There has been debate over grades assigned at Carleton and Ottawa Universities in the past, and at other Canadian universities, so that this is not only a US issue.
In 1989, the Ottawa Citizen published the list of Ontario Scholars by school in the Ottawa area, those with an 80% plus average. The top scholar amongst all schools (Lisgar) had a 99.1% average. Of the 41 schools listed, all but 3 had a top scholar with 90% plus average. One of the three was Elmwood, a private school where the top student had an 89.3% average. I had been a member of the Board of Governors of Elmwood where the school was frequently pressured by parents to give higher grades, in order that graduates would be able to compete for university places and for awards with those graduating from the public school system, where higher grades were given.
This was a fair concern, but Elmwood graduates seemed to do all right as university authorities knew that private schools tended to give lower grades and made allowance for it in their admission decisions. I am not sure whether this happened with the award of scholarships.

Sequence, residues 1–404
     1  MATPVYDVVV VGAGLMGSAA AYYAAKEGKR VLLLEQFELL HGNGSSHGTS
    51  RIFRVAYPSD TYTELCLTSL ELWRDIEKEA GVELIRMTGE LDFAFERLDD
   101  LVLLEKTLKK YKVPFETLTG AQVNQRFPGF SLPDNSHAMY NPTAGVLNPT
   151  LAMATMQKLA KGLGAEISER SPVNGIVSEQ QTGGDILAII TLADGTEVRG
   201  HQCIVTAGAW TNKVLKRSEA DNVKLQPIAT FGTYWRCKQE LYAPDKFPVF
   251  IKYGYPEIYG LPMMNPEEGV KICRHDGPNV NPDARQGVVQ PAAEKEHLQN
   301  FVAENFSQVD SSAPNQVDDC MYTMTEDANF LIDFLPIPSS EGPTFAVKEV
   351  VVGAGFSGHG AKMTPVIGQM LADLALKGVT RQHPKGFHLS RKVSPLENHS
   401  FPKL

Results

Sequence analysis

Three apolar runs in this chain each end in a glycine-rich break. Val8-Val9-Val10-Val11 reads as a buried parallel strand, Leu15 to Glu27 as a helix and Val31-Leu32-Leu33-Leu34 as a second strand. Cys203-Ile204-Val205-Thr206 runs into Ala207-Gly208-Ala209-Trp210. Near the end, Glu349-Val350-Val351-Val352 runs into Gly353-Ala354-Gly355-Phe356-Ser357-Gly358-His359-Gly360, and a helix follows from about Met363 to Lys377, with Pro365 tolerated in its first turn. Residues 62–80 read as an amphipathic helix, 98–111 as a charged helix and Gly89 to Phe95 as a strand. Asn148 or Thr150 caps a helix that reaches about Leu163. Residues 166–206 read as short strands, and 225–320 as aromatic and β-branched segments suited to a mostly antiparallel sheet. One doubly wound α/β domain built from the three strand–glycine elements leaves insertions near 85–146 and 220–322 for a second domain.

Grades signal to students, their parents and to outsiders (potential employers and post secondary educational institutions) information about the students. These now have to be evaluated carefully because of inflation. While universities state that they treat a given grade from one school the same as from another, experience suggests that this may not be the case, and they use judgment when making decisions about admissions and awards. In the same way that price inflation undermines the value of a currency, so grade inflation affects the value of or the information provided by a grade.
But the effects do not end there because, as noted, grade inflation takes place at universities as well. Undergraduates want high marks for their first degree so that they gain admission and scholarships for graduate study. Acceptance at graduate school depends on a combination of grades, reference letters from faculty and statement of interest by the candidate.
Are there alternatives?
When a figure or grade loses its information value, other measures are used. At the school level, an obvious one is the use of common exams for different institutions where the grading takes place by independent or common examiners. There are a number of examples:
- Province wide exams as occurred in Ontario up to the 1970s
- Some province wide exams in Alberta
- A-level exams as used in the UK and other countries for university admission
- The International Baccalaureate (IB) program
- The Graduate Record Exam (GRE)